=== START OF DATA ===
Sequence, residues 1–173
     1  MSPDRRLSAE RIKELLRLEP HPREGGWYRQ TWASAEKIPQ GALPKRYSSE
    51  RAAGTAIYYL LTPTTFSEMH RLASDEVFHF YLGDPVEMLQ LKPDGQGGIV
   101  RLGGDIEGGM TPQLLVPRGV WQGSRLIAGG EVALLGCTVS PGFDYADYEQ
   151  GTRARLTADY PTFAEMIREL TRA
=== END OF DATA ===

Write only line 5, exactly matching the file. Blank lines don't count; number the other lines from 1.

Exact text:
   151  GTRARLTADY PTFAEMIREL TRA